Having just visited the only Ben Franklin house in the world still standing (in London), I decided to return to Philadelphia, the city where he lived most of his life, to see how the Americans have reinterpreted Ben in a brand new museum . Franklin, one of the nation’s founders, was a true polymath, with wide-ranging interests and talents similar in some ways to Thomas Jefferson. Whereas Jefferson’s home, an autobiography of sorts into which he poured his energies, survives in restored splendor today, Franklin’s home is a different story.
At the age of 56, after five years of living in London, Franklin returned to Philadelphia. He and his wife Deborah decided it was time to build a house instead of renting. They ended up building a three-story ten room brick house in a courtyard off Market Street. While involved in the original design, he set off for London again in 1764 and was away during most of the house’s construction. It is interesting that while he was discussing the house with his wife, he was writing to friends in London that he would be back soon. He had told them he had business to settle in Philadelphia before he could move to London permanently. He knew his wife would never leave Philadelphia and some historians such as Gordon Wood suggest the house was perhaps a salve to his conscience, knowing he didn’t want to return. The Franklin’s marriage was interesting, to say the least.
Once back in London, Franklin maintained an interest in the house and letters to his wife gave her detailed guidance on its construction and embellishment. He went on shopping sprees and sent back many purchases with which to furnish the house.
Franklin’s stay in London came to an end in 1775 and he returned to Philadelphia. By then his wife had died and his country was at war with Britain. He moved into the house on Market street and, except for nine years in France, lived there the rest of his life.
In 1812 the house was razed to make room for a road and other buildings. But that wasn’t the end of the story. In the mid-1970s when the National Park Service decided to purchase and interpret the site as part of Independence National Historical Park, they faced a decision. They hired archaeologists to find the houses’s foundations and the excavation revealed a variety of useful information. Yet not quite enough. One option was to reconstruct a house on the site, using limited historical evidence to imagine it. Another was to create a memorial park space with interpretive panels to tell the story. They concluded that there was just not enough evidence about the facade of the house and ended up hiring a well-known architectural firm to design a “ghost structure” of metal beams to show the dimensions of the three-story house. The construction included viewing wells that allow visitors to look down into the archaeological site and see the original foundations.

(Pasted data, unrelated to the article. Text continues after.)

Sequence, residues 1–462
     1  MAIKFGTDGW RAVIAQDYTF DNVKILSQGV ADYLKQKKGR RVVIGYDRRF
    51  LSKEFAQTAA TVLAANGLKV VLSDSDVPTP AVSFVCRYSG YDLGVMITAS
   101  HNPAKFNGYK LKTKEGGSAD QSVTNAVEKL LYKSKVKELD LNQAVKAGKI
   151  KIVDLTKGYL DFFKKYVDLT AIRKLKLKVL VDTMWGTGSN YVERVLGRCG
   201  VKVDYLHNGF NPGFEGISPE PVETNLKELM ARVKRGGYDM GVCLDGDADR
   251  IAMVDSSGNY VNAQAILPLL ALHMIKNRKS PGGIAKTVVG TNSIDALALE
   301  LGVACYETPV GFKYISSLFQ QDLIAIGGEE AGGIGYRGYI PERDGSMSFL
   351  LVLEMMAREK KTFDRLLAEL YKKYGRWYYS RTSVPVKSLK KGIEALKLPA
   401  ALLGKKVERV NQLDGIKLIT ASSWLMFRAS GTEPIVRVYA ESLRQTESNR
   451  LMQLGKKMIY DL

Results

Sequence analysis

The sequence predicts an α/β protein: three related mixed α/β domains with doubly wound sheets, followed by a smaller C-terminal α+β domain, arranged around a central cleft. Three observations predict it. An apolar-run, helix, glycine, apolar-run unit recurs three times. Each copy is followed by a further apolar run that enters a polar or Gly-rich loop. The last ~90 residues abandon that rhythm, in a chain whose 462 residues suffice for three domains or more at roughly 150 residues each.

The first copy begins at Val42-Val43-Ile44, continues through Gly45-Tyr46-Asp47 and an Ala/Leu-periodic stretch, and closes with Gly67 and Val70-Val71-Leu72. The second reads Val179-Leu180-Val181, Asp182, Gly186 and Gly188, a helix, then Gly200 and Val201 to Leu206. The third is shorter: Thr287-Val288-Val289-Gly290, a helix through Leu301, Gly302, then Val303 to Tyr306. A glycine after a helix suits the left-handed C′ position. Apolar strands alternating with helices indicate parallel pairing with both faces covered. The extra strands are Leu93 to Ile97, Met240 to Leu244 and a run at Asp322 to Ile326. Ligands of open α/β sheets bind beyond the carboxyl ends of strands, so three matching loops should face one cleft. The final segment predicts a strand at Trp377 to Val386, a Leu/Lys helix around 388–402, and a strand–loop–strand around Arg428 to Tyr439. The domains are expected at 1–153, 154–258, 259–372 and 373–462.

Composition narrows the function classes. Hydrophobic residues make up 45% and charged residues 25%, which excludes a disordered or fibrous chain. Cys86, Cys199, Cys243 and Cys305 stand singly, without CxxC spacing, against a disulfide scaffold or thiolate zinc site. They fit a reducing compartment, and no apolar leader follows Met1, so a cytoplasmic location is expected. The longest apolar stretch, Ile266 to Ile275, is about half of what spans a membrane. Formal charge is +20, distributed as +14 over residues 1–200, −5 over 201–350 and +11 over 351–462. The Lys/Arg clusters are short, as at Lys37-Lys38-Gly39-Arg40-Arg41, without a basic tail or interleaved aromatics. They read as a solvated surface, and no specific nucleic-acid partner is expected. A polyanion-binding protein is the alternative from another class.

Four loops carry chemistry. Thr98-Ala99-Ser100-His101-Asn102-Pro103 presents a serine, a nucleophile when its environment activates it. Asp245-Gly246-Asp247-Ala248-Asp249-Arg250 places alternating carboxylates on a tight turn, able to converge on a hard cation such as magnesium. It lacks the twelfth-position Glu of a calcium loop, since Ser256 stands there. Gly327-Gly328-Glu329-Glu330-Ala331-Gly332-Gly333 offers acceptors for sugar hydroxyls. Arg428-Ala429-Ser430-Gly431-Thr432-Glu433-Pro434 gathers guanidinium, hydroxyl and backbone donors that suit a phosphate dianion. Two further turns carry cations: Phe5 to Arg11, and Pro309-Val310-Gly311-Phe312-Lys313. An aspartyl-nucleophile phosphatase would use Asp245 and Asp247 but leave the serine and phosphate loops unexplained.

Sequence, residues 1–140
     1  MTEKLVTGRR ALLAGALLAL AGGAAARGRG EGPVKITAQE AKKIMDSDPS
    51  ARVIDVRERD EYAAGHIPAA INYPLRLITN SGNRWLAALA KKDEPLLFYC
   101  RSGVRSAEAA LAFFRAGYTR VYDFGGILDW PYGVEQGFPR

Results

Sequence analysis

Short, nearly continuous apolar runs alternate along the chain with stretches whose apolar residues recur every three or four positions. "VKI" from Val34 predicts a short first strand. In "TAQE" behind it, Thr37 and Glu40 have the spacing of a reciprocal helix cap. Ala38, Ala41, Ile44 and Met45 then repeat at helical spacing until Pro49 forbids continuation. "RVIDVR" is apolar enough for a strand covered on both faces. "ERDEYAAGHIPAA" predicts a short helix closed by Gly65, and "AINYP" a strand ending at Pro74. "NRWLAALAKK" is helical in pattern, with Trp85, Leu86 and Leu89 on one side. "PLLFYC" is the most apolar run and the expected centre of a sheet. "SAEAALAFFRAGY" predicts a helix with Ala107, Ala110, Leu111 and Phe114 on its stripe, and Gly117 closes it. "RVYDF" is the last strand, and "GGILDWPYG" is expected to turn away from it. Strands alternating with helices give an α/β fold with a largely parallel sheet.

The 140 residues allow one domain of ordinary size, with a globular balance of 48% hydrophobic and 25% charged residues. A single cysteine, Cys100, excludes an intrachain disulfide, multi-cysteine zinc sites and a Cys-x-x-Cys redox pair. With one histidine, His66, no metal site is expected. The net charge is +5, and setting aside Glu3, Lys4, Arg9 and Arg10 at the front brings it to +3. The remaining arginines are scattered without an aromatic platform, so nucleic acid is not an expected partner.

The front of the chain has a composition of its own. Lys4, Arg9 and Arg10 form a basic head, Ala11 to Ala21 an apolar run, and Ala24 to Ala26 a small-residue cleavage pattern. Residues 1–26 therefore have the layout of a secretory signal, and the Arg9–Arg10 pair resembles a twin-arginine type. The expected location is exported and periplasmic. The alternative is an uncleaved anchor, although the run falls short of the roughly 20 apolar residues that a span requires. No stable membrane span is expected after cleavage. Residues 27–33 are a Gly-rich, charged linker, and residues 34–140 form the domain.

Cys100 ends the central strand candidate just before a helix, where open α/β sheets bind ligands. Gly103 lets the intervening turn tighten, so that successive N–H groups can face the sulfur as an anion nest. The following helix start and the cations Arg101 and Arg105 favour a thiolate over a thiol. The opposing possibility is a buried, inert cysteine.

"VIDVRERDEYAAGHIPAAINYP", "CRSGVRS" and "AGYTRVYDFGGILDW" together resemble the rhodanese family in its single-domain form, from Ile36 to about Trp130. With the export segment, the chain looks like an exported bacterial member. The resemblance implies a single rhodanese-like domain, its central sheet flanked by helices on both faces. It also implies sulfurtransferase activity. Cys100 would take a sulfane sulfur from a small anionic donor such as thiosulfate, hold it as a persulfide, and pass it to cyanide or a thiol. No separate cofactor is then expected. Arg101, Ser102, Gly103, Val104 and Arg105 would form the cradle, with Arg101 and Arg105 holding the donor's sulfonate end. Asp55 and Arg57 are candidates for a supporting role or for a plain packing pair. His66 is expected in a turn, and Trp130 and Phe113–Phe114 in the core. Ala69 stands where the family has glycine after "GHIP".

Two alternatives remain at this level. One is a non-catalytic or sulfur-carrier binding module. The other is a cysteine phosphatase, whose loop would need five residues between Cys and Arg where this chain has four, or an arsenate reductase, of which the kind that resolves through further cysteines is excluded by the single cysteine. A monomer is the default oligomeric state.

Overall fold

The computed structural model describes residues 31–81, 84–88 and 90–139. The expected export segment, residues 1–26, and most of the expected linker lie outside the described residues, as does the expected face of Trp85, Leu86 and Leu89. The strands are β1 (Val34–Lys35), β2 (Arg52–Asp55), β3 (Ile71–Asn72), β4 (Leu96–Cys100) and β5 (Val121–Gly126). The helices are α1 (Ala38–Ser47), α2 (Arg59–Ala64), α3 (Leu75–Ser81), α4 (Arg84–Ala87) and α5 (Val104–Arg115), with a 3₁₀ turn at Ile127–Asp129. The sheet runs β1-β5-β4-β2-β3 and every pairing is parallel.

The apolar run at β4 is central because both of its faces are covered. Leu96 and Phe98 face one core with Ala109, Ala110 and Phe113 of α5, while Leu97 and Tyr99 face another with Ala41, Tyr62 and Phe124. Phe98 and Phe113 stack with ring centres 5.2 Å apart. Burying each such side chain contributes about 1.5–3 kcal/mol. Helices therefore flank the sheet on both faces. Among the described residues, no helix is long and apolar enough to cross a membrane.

While many architectural critics praised the design, I remember visiting the site as a child in 1976 and being very disappointed that no house existed. The design was not enough to stimulate my imagination and I didn’t like it. As concrete learners, most kids need a little more than a shape to get engaged in a topic.
Given the lack of historical evidence, I certainly understand why the Park Service did not build a reconstruction. Yet, I hope someday the agency will invest in technology that will allow visitors to walk the site and use augmented reality with artist renderings to help imagine what it looked like.
The reconstructed print shops on Market Street and the original brick archway entrance to the courtyard, with label indicating that Franklin used that entrance many times, help visitors to get a sense of the man. The brand-new multi-million dollar renovation of the original 1970s museum underneath the site features a small 45-piece collection of Franklin artifacts and lots of technology to engage visitors with larger ideas about Franklin, and correct a few common misconceptions along the way.
Yet, I somehow always leave the place unsatisfied. Franklin’s many complex layers should be examined in greater depth. Where Mount Vernon and Monticello, the homes of George Washington and Thomas Jefferson, ooze the personalities of their owners, Franklin Court falls flat. It fails to do justice to this amazing and very complicated person.